Saturday 18 January 2020

60pc fall in turnover behind Land Rover Ireland demise

John Mulligan

John Mulligan

TURNOVER at Land Rover Ireland plummeted almost 60pc to €47.3m in the 21 months to the end of last September as hard-pressed Irish consumers bought fewer off-road vehicles for suburban school runs. Profits at the company fell to €527,000 from €914,000 for a previous 12-month trading period.

Land Rover Ireland ceased trading last September and handed its activities over to a third-party importer, OHM. It cited the poor economic environment and the impact of carbon taxes as the reasons for handing over the franchise.

Accounts just filed with the Companies Registration Office for Land Rover Ireland detail the slide in the company's financial performance.

"The sales volume achievable in Ireland has now reduced to such a level that the existing national sales company business model that Land Rover Ireland operated under was no longer deemed viable for the Land Rover business going forward," the accounts note.

"Senior management from Land Rover Ireland's parent company, Land Rover Group, therefore decided that the business would be managed by a third-party importer."


In January 2006 alone, there were 408 new registrations for private-passenger Land Rover vehicles completed in Ireland, and a further 197 newly registered for commercial use.

Those figures were up from 335 and 138 respectively in January 2005. For the whole of 2006, nearly 1,576 new Land Rovers were registered here for private use and a further 943 for commercial use.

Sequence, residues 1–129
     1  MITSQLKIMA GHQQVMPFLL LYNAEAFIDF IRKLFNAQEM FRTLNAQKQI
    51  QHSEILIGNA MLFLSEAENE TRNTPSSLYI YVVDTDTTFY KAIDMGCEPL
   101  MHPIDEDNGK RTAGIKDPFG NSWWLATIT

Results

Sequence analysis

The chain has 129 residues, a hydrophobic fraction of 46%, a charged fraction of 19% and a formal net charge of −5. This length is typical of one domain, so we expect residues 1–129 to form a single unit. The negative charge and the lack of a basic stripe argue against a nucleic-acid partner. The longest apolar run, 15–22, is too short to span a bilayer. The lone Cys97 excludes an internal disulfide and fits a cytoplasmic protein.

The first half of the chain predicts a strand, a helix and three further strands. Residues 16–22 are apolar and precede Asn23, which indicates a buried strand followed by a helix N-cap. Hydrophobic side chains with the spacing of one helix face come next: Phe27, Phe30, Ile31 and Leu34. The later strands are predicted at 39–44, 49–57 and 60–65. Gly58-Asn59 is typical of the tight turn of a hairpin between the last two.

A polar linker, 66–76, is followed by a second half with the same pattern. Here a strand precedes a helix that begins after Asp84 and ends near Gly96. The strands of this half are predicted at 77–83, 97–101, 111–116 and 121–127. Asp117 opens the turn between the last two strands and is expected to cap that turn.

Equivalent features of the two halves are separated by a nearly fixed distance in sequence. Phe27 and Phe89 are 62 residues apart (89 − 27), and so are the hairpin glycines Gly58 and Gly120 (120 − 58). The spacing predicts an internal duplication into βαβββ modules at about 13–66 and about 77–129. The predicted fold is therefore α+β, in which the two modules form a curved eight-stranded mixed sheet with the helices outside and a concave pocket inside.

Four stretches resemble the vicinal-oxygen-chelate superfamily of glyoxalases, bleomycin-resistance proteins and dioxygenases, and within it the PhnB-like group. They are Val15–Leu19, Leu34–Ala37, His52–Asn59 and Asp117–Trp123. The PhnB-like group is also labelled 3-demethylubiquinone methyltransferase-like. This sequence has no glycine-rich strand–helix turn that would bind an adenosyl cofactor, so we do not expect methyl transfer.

But the love affair between once well-heeled consumers and 4x4s ended as the recession squeezed wallets.

Last month, just 29 new registrations for private-use Land Rovers were completed in Ireland, while an additional 11 were registered as commercial vehicles.

Those figures compared to 26 and 34 in the same month a year earlier. For the whole of 2009, only 89 Land Rovers were registered here for private use and 149 for commercial use.

Land Rover is now owned by India's Tata Motors, which yesterday announced that the former head of Opel, Carl-Peter Forster, as its new CEO.

Three weeks after parting company with David Smith, the chief executive who had overseen the $2.3bn (€1.7bn) sale of Jaguar Land Rover from Ford in 2008, Tata motors said it had hired Carl-Peter Forster.

Most recently the head of the European end of General Motors, including Vauxhall, Mr Forster has been appointed as CEO of Tata Motors across all its global operations, with special responsibility for growth at its Jaguar and Land Rover brands.

Irish Independent

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